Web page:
“It also emphasises the need for us as adults and professionals to improve the way we listen to and talk with children to prevent and respond to abuse - and the benefits that come from doing so.”

Trish O’Donnell, Development Manager from the NSPCC said: “The Making Noise report allows the voices of children who have experienced familial sexual abuse to be heard. It tells us how they can be let down by systems but when they do find help it can really changes things for them.

“It is crucial that we create a culture where children who have suffered from such a traumatic experience are encouraged to speak out, and when they do that they get all the help they need in dealing with the difficult and upsetting events and emotions that stand in their way before they can hopefully get their lives back on track.”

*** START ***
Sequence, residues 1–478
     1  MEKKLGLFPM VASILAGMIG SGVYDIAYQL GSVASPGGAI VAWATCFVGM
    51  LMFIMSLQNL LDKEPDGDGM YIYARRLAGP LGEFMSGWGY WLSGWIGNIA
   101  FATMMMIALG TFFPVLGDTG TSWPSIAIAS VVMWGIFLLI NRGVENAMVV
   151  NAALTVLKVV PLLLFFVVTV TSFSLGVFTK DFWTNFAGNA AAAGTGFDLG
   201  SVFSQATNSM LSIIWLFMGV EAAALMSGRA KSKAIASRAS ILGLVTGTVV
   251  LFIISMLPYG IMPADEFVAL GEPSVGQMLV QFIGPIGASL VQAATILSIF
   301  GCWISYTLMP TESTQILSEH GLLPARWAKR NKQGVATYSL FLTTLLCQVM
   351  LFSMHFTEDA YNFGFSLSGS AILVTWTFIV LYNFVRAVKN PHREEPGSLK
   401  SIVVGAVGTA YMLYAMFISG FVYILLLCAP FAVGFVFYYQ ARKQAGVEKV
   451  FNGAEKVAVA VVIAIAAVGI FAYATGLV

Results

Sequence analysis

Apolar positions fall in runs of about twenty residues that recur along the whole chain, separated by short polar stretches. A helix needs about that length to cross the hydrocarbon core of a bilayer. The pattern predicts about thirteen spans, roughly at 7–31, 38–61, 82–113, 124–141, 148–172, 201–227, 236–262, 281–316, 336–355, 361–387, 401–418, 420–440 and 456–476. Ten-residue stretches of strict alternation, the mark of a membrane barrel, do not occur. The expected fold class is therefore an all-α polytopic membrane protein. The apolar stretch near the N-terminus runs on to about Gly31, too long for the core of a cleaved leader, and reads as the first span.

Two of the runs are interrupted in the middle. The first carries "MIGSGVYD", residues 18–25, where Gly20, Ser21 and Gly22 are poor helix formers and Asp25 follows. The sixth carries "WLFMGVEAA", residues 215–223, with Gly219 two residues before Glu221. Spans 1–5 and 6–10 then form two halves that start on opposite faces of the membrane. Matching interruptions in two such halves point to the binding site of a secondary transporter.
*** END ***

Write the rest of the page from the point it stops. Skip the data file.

Members of the making Noise Young people’s advisory group said: “We always hear adults say that young people who are unheard are marginalised in some way. From our experience, young people are not ‘hard to reach’ – they are just never given a voice. A message from the research is that we need to give them that voice, and when they do speak, you need to take notice of it and act. Adults need to listen to children and young people’s wishes and feelings, and young people should feel empowered and encouraged to share these.

“Young people who have been through this experience are more than just the experience; they want to be treated like a whole person with needs and desires and personality.”

The report also set out a number of policy implications for tackling some of the problems facing victims of child sexual abuse: